Playground Injury Lawyers
What are Playground Injuries?
It is estimated that there are over 200,000 playground injuries a year in the United States. These injuries range from minor cuts to serious falls and even death.
Who is Liable for Playground Injuries?
Depending on the accident, a number of parties could be responsible for your child's playground injury, including but not limited to:
- The owner of the playground
- The manufacturer of the equipment
- The contractor who installed the equipment
What Happens If the Owner of the Playground Is a Local or City Government?
This may differ from state to state. Government immunity may not be applicable, depending on the specific reasons for the injury. For example, policy issues like budget are generally immune from lawsuits, as are teachers acting within the scope of employment. A general duty to the public, however, may not suffice in establishing government immunity from playground injury cases.
How Can The Manufacturer of the Playground Equipment Be Liable?
Playground equipment manufacturers can be liable if their product was defective in some way. Since the equipment is intended for use by children, the manufacturers should take every precaution to ensure that their equipment is safe for use, especially since children may use the playground in creative and unexpected ways. Such precautions should include using the most durable material possible, designing structures that can bear unexpected weight, and guardrails for platforms raised above the ground.
Can Teachers or Daycare Supervisors Be Liable?
It depends. Given that teachers normally have many children to look out for, it is usually somewhat difficult to prove that a teacher or supervisor acted without reasonable care in negligence cases. In cases of intentional acts on the playground, such as bullying or sexual assault, it must be proven school authorities knew or could have known about the intentional acts.
Are There Any Laws Governing Playground Safety?
Only a handful of states have enacted laws to regulate playground safety. However, the US Consumer Product Safety Commission has published a Handbook for Playground Safety, as well as Playground Safety Checklists, that you can refer to for guidance.
What Can I Do to Protect My Child?
It is important that you actively supervise your child on the playground and make sure the playground equipment is safe. The National Program for Playground Safety makes the following recommendations:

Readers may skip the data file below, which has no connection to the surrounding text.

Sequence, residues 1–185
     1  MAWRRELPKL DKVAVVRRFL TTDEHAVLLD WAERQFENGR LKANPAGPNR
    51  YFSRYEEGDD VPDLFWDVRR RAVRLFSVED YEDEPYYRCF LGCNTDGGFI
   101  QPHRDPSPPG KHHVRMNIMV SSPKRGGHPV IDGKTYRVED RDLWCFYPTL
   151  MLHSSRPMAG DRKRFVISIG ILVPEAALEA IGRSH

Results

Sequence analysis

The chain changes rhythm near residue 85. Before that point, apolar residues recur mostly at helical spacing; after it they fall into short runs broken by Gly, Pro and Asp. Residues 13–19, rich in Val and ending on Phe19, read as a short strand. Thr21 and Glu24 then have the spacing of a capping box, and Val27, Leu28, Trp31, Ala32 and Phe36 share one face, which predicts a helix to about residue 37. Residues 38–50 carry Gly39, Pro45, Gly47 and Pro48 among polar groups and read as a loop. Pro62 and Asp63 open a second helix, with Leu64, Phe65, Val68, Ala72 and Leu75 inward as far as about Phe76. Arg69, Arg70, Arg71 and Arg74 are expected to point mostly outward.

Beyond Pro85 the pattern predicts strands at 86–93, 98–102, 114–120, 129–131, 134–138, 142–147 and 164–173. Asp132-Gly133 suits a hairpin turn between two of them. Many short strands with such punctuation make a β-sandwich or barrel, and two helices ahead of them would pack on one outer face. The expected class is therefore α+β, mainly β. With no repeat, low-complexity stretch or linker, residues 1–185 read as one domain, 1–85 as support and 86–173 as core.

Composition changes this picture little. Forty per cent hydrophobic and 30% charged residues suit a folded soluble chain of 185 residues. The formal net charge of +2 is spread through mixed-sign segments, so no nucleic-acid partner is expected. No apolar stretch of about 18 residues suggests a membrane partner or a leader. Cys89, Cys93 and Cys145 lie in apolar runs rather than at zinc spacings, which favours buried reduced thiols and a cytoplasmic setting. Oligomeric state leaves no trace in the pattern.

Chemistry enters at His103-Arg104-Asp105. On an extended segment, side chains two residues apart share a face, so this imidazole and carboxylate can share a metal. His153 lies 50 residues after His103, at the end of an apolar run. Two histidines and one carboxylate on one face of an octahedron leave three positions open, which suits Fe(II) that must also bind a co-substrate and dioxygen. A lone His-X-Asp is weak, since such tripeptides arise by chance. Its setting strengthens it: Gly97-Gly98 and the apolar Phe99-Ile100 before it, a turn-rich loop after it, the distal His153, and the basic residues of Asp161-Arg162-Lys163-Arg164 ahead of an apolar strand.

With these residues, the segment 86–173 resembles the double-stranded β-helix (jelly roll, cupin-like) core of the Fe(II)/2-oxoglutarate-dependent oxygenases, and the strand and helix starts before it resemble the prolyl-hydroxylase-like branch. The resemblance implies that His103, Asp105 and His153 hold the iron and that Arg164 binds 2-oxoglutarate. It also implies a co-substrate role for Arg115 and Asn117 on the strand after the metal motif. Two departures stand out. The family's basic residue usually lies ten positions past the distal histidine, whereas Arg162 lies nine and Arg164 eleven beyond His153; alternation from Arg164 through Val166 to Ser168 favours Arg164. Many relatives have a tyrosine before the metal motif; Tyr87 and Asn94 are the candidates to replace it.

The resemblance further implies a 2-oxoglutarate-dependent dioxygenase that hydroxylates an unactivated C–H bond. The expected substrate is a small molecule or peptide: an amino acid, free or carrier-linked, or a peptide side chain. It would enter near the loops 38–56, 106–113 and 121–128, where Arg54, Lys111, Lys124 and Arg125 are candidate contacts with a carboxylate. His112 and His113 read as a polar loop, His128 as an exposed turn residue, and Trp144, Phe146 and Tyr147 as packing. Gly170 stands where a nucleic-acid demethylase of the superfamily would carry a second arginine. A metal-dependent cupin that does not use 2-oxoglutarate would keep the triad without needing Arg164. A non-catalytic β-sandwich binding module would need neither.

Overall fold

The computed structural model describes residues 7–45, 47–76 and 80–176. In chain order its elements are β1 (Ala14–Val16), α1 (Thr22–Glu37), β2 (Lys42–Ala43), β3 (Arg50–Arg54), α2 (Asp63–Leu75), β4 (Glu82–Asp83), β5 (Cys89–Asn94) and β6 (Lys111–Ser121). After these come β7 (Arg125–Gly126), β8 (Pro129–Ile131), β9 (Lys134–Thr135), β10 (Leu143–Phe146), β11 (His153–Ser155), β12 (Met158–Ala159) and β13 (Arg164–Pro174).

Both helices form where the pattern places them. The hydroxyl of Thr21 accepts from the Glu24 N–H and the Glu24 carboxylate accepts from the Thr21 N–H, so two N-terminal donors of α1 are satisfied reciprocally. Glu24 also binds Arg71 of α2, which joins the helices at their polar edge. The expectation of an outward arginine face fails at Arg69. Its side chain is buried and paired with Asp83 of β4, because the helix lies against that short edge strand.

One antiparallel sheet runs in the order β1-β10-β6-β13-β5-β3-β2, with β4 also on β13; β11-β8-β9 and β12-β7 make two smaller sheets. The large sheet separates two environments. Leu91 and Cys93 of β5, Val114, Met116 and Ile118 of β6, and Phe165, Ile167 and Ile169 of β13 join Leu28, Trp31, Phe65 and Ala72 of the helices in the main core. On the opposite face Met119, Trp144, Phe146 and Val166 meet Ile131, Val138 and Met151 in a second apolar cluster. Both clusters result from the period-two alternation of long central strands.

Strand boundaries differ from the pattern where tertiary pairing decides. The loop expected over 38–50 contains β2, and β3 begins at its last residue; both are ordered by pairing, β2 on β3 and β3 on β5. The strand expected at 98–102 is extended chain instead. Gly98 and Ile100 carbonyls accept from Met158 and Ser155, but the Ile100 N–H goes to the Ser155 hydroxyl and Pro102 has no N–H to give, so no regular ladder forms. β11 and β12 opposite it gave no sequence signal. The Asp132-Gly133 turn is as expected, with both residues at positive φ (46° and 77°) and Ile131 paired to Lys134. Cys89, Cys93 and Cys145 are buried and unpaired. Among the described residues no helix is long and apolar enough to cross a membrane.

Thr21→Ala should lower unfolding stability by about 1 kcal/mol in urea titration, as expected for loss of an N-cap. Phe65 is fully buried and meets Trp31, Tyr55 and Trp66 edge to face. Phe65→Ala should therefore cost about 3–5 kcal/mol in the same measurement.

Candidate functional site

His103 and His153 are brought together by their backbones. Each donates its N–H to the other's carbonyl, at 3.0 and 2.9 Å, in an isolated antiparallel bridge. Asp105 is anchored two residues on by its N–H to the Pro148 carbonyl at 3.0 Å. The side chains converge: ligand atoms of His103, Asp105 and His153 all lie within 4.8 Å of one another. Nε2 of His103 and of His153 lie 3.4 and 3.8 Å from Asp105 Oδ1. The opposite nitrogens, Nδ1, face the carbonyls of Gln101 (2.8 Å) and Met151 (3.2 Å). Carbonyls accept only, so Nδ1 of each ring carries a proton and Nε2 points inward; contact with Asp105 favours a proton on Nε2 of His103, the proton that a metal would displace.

- The surfaces around the playground equipment should be shock-absorbing and at least 12 inches thick. These can be synthetic surfaces or loose-fill materials, such as hardwood fiber chips, shredded rubber, mulch, sand or pea gravel.
- The shock-absorbing surfacing should extend at least 6 feet in every direction from the play equipment. For swings, the surfacing should extend twice the height of the suspending bar in both directions.
- Elevated platforms should have guardrails.
- Bolts and other sharp points should have protective caps and plugs. There should not be any open S hooks.
- Playground equipment taller than 30 inches should be spaced at least 9 feet apart.
- Openings between guardrails or ladder rungs should be spaced so as not to trap children (i.e., less than 3.5 inches or more than 9 inches).
- Swings should be installed at a minimum of two feet apart at the base and at least 30 inches away from the support structure.
- For preschool children, playground equipment should be no higher than six feet. For elementary-age children, playground equipment should be no higher than eight feet.
Should I Talk to a Lawyer if My Child Suffered a Playground Injury?
If your child has been injured in a playground accident, and someone else's negligence contributed to the accident, contact a personal injury attorney immediately as there may be time limits within which you must file a claim. An experienced personal injury attorney will protect your child's legal rights and if necessary file a lawsuit to help you seek any damages that your child is entitled to.
Consult a Lawyer - Present Your Case Now!
Last Modified: 12-28-2012 02:52 PM PST
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